Brexit: travel for UK employees
If the UK leaves the EU with no deal, the rules for travel to most countries in Europe will change. UK nationals will generally be required to have at least six months remaining on their passport from the date of arrival. Many employers are encouraging employees who travel regularly for business to ensure their passports are up-to-date. The UK Government used to have a practice of adding additional months to passports on renewal over and above the standard 10-year renewal. Any extra months added to the passport over 10 years may not count towards the six-month requirement, and staff who may be required to travel post-Brexit should check this.
Changes to UK Immigration Rules
The Government has announced changes to the UK Immigration Rules, which will take effect over the coming weeks. The key changes are:
- it will become possible to submit an application under the EU Settlement Scheme from outside the UK as an entry clearance application
- the current Tier 1 (Graduate Entrepreneur) visa will be replaced by a new Start-up visa route, which will be open to those starting a business for the first time in the UK
- the Tier 1 (Entrepreneur) route will be replaced by a new Innovator visa route and will require applicants to be endorsed by designated business bodies as part of the application process
- the Tier 1 (Investor) visa category will include a new requirement for applicants to evidence the source of their funds unless they can show they have held the funds for at least 2 years
- the job-specific minimum salary levels required for Tier 2 visas under the sponsor codes of practice for skilled work will change.
The above changes will take effect on various dates from 30 March 2019 onwards. In addition to the changes to the Immigration Rules, some of the immigration filing fees will be increasing for certain applications submitted on or after 29 March 2019.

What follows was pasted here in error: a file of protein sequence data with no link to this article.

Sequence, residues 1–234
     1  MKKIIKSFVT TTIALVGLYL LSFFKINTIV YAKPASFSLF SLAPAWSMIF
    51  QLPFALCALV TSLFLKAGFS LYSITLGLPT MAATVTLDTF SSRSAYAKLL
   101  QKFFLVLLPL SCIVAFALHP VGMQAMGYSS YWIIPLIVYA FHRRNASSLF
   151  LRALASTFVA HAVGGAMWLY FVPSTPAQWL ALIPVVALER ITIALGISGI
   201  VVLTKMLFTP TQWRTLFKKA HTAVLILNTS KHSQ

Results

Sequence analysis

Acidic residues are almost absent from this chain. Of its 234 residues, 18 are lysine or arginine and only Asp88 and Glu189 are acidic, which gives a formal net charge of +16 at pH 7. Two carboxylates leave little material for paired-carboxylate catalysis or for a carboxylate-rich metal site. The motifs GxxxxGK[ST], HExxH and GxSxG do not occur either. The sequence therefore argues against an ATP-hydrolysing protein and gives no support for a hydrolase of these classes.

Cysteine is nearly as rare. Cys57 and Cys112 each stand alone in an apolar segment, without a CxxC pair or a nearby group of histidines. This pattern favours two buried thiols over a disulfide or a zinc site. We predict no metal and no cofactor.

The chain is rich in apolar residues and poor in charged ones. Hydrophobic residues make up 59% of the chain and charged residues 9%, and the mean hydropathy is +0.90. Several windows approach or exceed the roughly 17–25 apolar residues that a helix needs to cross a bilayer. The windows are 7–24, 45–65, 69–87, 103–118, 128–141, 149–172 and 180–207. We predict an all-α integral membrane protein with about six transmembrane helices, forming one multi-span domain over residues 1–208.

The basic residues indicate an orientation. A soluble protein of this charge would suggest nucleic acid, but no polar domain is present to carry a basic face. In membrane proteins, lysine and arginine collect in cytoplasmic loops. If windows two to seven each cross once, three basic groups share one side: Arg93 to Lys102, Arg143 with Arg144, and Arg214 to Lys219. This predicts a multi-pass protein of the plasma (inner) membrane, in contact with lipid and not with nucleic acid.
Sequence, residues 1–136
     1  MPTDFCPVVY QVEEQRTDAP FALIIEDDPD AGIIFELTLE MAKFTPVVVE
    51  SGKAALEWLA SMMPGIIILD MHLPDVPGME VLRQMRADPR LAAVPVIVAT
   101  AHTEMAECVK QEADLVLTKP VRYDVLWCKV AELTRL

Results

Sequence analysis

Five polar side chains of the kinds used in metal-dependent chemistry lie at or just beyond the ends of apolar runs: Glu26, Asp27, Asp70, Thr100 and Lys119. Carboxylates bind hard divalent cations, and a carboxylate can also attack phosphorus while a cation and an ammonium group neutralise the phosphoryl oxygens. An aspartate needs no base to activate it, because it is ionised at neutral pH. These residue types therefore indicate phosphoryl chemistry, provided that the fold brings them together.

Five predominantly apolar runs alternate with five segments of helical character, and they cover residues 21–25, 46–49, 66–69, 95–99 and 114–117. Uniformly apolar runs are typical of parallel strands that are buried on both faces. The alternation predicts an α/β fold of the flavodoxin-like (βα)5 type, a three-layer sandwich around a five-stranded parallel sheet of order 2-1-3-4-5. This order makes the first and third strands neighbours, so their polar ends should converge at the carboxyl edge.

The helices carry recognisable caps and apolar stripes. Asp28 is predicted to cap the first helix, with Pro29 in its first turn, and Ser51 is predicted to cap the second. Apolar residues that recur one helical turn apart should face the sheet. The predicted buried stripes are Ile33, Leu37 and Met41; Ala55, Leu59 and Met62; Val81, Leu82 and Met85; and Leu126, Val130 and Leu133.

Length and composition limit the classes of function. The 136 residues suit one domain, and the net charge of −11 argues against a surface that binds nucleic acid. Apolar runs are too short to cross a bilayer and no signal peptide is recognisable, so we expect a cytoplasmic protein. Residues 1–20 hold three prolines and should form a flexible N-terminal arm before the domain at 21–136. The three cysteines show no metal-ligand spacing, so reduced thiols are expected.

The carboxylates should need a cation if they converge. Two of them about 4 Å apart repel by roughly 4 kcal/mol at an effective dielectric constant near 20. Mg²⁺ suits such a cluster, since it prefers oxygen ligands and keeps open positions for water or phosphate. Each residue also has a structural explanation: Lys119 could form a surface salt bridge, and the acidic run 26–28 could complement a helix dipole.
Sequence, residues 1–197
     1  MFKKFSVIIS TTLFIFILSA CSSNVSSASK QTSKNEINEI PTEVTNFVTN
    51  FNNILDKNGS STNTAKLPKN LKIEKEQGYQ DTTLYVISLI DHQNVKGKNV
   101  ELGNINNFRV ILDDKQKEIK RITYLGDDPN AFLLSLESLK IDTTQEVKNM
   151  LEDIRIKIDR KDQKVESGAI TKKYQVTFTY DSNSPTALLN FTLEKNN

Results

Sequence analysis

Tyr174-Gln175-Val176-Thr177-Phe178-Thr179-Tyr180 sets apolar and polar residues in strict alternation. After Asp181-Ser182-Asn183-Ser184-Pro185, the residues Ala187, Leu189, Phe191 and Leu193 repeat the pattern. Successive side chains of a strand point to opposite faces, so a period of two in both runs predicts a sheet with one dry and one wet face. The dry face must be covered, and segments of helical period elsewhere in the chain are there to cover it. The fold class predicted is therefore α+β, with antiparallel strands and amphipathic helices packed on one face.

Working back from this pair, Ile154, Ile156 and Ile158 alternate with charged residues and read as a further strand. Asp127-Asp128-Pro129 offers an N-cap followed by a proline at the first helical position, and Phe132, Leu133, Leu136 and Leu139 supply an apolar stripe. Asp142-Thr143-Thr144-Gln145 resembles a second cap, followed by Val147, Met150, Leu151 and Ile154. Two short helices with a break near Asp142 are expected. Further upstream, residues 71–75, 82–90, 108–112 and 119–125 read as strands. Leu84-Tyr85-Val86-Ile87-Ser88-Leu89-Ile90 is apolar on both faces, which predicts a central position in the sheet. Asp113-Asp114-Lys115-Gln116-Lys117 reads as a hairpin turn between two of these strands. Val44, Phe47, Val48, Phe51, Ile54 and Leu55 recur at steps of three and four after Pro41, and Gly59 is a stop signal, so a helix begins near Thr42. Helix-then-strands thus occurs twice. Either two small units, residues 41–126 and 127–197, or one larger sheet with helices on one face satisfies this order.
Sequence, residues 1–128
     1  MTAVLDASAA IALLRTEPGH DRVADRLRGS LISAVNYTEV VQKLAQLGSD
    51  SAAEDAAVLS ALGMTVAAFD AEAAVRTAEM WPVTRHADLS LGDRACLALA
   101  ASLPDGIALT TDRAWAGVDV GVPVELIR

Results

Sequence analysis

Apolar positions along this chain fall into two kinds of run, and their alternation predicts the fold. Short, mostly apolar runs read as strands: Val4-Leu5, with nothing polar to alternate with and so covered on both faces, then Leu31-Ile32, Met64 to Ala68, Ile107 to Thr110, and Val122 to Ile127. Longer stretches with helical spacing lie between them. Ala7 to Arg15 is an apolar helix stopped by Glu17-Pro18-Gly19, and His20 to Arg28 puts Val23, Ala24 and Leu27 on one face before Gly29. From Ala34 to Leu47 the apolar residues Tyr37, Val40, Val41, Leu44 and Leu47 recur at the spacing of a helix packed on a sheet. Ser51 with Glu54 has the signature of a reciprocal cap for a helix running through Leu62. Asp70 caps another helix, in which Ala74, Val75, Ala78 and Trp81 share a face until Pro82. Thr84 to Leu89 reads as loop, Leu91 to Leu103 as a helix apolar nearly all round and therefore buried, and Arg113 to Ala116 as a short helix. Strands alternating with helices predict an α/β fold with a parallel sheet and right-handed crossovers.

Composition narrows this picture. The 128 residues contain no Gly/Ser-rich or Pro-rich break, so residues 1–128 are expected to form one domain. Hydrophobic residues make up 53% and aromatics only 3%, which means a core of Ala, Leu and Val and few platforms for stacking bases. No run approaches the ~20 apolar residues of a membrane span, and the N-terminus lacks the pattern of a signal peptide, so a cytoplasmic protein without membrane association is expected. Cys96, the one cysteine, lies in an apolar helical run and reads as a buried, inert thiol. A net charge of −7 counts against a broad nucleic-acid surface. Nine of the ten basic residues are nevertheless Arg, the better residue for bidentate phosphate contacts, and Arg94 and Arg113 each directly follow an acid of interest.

Agency workers – have you got it right?
This case involved London Underground, which engaged a number of agency workers through an agency.
Under the Agency Worker Regulations, agency workers are entitled to the same pay rates as comparable
employees after twelve weeks in a given role. However, the agency in this case assured London Underground that the regulations did not apply and paid the agency workers less than employees of London Underground doing the same job. When the parties discovered that the Agency Worker Regulations did apply, the agency had to correct the pay rates. However, there was a delay in doing so due to London Underground being slow to provide information on its pay rates for employees. The agency eventually corrected the workers' pay going forward. London Underground also paid an amount over to the agency to cover back-pay but the agency went into liquidation before the money was paid on to the workers. The agency workers brought claims against London Underground for the back-pay.
An Employment Tribunal initially ruled that London Underground did not have to pay the back-pay twice.
However, on appeal, the Court of Appeal said it did. In the Court's view, although this was regrettable, it would not be just for the agency workers to miss out on their back-pay. However, London Underground only had to pay 50 percent of the back-pay because it and the agency were equally liable for the breach. The agency had been at fault for initially asserting that the Agency Worker Regulations did not apply but the delay in correcting the error had largely been down to London Underground.